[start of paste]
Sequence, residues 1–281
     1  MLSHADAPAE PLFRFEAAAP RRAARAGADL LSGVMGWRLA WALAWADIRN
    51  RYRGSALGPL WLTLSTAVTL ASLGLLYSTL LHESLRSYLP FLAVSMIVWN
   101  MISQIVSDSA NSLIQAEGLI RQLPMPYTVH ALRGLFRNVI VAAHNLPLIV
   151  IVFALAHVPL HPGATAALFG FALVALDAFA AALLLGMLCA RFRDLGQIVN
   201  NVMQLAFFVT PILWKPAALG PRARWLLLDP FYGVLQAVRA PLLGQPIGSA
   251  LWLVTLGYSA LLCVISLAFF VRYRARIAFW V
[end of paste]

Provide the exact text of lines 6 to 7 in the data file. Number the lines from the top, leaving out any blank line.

   201  NVMQLAFFVT PILWKPAALG PRARWLLLDP FYGVLQAVRA PLLGQPIGSA
   251  LWLVTLGYSA LLCVISLAFF VRYRARIAFW V